Tips for Buying a Home in Sonoma County

The following paragraphs are items that I have run across over the years which will help you with a smooth escrow for your home purchase. If you have any questions about any of these, simply contact me and I will help however I can.

The Tax Man has YOU Working for Him!

Believe it or not, as of Jan. 1st 2003, Buyers are required to withhold and remit to the California Franchise Tax Board 3.333 % of the gross sales price of a property they purchase. You must withhold this portion of your payment to the seller and remit it to the IRS on the 20th day of the calendar month following transfer of title (Cal Form 593). There are exceptions, for example if the purchase price is less than $100,000 or if the Seller provides you with California form 593-C, and has the proper exemptions completed, you would not be required to withhold and remit this tax. The government figures that if YOU collect the tax, they will get it faster and “time is money”. The good news is that if you use an Escrow Company to manage the transaction, they will usually take care of this for you!

Capping Your Agent Fee at the Co-Broke Amount

Some buyer-agency agreements in the Santa Rosa Ca, or Windsor area state that the buyer will pay their agent a fixed percentage of the purchase price of the home. This percentage may (or may not) be the same as what the seller of the property is offering to pay. For example, the buyer-agency agreement might call for a 3% commission, while the seller of the home you're interested in is only offering a 2% commission. In this example, you would end up paying your agent 1% of the purchase price of the home because the seller of the property offered a low co-broke amount. This 1% additional commission would be over and above the purchase price of the home.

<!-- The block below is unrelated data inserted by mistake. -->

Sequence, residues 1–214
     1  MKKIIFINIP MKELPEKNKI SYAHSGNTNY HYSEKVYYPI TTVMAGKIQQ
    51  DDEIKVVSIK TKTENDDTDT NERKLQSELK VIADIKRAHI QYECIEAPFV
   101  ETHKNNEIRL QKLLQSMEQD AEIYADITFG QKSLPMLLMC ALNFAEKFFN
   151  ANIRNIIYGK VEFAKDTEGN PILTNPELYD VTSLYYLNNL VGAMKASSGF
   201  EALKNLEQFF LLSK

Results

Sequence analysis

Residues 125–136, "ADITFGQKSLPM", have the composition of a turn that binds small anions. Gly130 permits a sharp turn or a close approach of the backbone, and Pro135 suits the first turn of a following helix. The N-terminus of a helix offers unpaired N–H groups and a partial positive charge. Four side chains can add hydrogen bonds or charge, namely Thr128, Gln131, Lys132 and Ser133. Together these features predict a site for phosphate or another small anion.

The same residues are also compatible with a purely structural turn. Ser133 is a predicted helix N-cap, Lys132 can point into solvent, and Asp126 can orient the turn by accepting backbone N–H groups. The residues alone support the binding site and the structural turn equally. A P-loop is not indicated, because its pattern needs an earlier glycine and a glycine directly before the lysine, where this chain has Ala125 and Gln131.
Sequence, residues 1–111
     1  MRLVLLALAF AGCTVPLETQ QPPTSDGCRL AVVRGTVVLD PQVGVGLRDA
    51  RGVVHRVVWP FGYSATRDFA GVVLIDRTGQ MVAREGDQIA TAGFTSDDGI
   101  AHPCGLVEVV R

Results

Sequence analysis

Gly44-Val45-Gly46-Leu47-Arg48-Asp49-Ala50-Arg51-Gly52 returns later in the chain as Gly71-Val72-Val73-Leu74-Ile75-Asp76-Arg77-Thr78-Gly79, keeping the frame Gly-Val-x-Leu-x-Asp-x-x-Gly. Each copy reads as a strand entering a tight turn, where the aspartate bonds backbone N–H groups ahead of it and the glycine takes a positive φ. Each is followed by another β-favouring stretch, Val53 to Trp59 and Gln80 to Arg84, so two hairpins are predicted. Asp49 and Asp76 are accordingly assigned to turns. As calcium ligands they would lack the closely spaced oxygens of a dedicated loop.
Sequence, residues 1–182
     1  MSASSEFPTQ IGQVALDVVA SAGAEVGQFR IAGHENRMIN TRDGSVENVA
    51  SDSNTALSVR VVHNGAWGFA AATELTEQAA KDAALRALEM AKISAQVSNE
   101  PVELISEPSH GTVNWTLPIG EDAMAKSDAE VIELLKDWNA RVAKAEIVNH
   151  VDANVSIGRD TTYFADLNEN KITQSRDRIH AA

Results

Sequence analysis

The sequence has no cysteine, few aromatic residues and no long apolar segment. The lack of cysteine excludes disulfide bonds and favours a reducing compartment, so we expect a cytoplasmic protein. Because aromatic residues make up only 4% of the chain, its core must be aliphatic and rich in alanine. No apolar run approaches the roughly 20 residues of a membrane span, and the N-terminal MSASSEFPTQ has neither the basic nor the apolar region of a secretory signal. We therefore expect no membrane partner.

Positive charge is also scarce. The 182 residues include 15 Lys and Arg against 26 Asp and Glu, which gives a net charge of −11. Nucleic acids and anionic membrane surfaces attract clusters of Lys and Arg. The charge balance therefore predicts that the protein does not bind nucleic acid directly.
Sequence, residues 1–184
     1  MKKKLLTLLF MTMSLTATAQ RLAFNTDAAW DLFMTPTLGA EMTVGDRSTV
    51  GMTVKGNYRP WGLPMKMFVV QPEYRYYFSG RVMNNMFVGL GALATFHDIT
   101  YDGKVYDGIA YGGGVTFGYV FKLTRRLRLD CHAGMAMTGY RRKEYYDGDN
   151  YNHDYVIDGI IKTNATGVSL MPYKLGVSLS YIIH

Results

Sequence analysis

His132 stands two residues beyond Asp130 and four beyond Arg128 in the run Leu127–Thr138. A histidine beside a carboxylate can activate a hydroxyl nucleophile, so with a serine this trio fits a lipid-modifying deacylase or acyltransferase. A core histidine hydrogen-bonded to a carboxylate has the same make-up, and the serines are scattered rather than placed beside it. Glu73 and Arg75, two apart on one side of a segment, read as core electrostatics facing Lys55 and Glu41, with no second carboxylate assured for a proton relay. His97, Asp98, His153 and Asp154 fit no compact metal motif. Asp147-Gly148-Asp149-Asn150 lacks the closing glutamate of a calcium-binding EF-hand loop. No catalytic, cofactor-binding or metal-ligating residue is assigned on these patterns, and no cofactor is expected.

You could avoid this by agreeing with your agent that their fee amount will be whatever amount the seller is offering, and no more. This is a pretty common arrangement in Sonoma County, but it does create an incentive on the part of some agents to “push” properties that offer a cooperating broker payment (co-broke) they like. They might not show you a great buy that has a very low co-broke offered to the agent. In a strong buyers market, this situation may be less prevalent because most (but not all) sellers offer a very competitive co-broke fee so as to lure the buyer-agents to the property. The point is that it is very important for you to have a trusting relationship with your agent and good communication with them about both your expectations and theirs. Doing your homework, and carefully selecting your agent is where this all begins.

NOTE: there are a variety of solutions to the above scenario, some of which are discussed in my article on “Buyer Agency Agreements”.

Be Careful With Buyer Credits When Buying a Home

In a strong buyers market such as we'll see for the next year or so, sellers of properties are constantly looking for new ways to attract the attention of prospective buyers. A common example of this is when the seller offers to pay the buyers closing costs (which is OK). Another example is when the seller offers to provide cash, paid back to the buyer, after close of escrow. The cash may be for the buyer to use as they please, or it may be for the repair of a defect in the home (a new roof for example). If this cash back to the buyer is NOT disclosed to the lender (even for a repair) it is illegal.